Will the last one left in Westwood turn out the lights?
That’s one sentiment emerging from the westside of Los Angeles in the wake of an LA Times report into the concerning number of departures from the UCLA football program since the much ballyhooed arrival of head coach Chip Kelly. In what one outlet that covers the team described as a purge, some 63 players (!!) have left the team since November 2017 — a truly eye-opening number that is outside of the norm for most regime changes.
“You could have 35 scholarships available but you can only replace 25, so you’re down,” Kelly told the paper. “So I think we were at 76 [scholarship players] to start the season this year, so we’re down nine scholarship players that other people in our league have. … You can’t replace them in one class, you have to take it over time.”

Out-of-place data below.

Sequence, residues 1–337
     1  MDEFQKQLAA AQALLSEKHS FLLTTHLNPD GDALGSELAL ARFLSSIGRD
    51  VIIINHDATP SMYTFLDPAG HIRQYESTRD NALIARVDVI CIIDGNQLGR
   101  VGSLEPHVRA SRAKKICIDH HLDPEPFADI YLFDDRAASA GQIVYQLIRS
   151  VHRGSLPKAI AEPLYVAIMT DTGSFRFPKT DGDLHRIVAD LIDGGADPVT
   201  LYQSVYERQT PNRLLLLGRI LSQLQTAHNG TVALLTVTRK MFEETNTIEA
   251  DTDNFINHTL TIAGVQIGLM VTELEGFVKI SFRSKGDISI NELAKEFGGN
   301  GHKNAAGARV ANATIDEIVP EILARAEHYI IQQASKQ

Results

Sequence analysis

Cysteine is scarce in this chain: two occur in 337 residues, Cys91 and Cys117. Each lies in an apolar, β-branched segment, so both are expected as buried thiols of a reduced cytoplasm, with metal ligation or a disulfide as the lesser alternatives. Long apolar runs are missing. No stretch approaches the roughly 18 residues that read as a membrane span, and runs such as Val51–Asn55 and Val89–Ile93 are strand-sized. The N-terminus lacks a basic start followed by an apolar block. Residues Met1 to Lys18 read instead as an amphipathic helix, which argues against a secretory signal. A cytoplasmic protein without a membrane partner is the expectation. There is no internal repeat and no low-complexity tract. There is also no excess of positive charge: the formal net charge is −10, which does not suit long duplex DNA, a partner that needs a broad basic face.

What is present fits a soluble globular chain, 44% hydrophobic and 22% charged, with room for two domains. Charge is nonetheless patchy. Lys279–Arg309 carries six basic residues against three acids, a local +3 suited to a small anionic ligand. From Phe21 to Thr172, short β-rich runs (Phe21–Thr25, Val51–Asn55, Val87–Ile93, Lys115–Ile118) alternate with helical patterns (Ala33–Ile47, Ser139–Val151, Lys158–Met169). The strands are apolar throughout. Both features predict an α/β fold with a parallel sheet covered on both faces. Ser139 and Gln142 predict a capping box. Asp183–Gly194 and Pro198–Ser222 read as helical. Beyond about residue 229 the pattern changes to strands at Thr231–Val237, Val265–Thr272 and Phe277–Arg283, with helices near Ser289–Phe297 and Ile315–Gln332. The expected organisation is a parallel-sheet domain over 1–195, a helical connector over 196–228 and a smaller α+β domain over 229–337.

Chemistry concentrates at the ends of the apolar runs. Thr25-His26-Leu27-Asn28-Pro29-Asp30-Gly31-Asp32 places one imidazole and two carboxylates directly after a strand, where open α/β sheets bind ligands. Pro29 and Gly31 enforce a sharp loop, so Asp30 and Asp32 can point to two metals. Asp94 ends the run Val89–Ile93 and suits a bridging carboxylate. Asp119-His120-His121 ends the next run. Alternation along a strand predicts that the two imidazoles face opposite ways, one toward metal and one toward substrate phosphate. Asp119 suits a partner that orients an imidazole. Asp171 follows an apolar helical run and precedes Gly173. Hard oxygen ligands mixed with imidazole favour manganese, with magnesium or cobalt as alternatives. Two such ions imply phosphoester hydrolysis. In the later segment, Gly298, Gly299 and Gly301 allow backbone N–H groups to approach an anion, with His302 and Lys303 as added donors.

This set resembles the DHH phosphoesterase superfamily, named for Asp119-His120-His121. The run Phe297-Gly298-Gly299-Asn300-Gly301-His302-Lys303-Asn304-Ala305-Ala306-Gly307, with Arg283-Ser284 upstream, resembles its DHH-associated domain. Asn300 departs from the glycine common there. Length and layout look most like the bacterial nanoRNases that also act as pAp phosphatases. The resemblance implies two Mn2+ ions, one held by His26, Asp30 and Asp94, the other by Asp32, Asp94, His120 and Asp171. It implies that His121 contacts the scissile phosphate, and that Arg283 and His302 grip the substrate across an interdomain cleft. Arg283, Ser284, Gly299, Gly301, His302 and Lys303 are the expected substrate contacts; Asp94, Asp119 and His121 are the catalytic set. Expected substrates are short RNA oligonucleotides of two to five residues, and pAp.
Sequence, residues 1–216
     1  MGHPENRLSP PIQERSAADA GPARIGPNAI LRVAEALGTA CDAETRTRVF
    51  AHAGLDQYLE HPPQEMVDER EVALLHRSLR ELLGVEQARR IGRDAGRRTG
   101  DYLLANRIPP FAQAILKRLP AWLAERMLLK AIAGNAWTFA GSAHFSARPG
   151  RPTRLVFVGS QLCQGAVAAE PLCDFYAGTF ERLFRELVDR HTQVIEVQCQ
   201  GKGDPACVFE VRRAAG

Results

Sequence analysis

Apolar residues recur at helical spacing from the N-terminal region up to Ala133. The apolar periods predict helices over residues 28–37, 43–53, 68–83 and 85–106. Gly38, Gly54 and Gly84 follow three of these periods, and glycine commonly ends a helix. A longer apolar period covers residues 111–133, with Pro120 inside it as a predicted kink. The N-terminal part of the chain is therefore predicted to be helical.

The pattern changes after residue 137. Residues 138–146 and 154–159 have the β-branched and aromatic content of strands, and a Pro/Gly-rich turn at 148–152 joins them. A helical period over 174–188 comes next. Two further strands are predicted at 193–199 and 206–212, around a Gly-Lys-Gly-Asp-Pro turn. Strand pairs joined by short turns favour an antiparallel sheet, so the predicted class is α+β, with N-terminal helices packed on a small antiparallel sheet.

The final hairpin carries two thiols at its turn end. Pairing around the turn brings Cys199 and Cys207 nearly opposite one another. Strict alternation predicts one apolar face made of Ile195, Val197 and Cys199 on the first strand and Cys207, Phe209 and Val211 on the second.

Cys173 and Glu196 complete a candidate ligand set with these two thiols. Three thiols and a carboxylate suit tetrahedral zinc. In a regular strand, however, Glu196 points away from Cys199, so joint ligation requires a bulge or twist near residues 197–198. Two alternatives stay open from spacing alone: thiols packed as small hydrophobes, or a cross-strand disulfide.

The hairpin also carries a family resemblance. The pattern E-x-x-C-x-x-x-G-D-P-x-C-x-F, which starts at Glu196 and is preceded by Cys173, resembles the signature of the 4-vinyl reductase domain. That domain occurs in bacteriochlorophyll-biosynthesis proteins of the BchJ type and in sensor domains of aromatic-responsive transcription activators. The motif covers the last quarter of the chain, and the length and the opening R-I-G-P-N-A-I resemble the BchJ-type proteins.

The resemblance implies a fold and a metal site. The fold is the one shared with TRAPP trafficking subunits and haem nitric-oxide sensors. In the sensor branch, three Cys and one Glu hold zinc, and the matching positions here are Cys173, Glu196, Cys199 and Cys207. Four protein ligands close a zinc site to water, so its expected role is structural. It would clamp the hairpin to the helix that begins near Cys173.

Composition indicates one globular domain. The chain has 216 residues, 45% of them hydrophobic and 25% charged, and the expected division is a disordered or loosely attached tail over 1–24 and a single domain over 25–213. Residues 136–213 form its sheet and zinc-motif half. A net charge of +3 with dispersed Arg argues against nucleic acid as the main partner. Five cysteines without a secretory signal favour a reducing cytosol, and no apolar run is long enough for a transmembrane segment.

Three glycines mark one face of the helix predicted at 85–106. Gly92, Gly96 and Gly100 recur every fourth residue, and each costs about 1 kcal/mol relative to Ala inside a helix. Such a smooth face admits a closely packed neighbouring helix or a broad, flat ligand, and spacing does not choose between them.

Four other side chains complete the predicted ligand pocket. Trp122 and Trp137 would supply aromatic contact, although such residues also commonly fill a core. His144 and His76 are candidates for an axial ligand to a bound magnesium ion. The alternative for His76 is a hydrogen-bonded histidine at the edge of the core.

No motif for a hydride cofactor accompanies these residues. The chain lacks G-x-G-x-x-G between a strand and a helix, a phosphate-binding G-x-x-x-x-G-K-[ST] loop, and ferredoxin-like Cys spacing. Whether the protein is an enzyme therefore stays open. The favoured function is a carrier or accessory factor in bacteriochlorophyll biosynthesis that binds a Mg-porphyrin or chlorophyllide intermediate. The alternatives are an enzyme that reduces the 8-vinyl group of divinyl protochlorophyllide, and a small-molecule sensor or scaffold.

Wideout Theo Howard was the latest to leave Westwood last week, with Kelly mostly being fine with the departures by citing players ability to find the right situation for them. Playing time was obviously a big driver according to the Times but being closer to home, issues with medical clearance and other factors were also cited by players for leaving. As a result, not only was the team down a number of scholarship players but the bulk of those remaining were young and inexperienced — with some 53% of the roster being made up of freshmen alone.
There’s been a lot of people wondering about Kelly’s tenure and how it’s gone off the rails lately (4-14 overall record) but a look at the roster — or more accurately who is not on it — might provide the biggest clue as to why UCLA has struggled so much under their high profile head coach.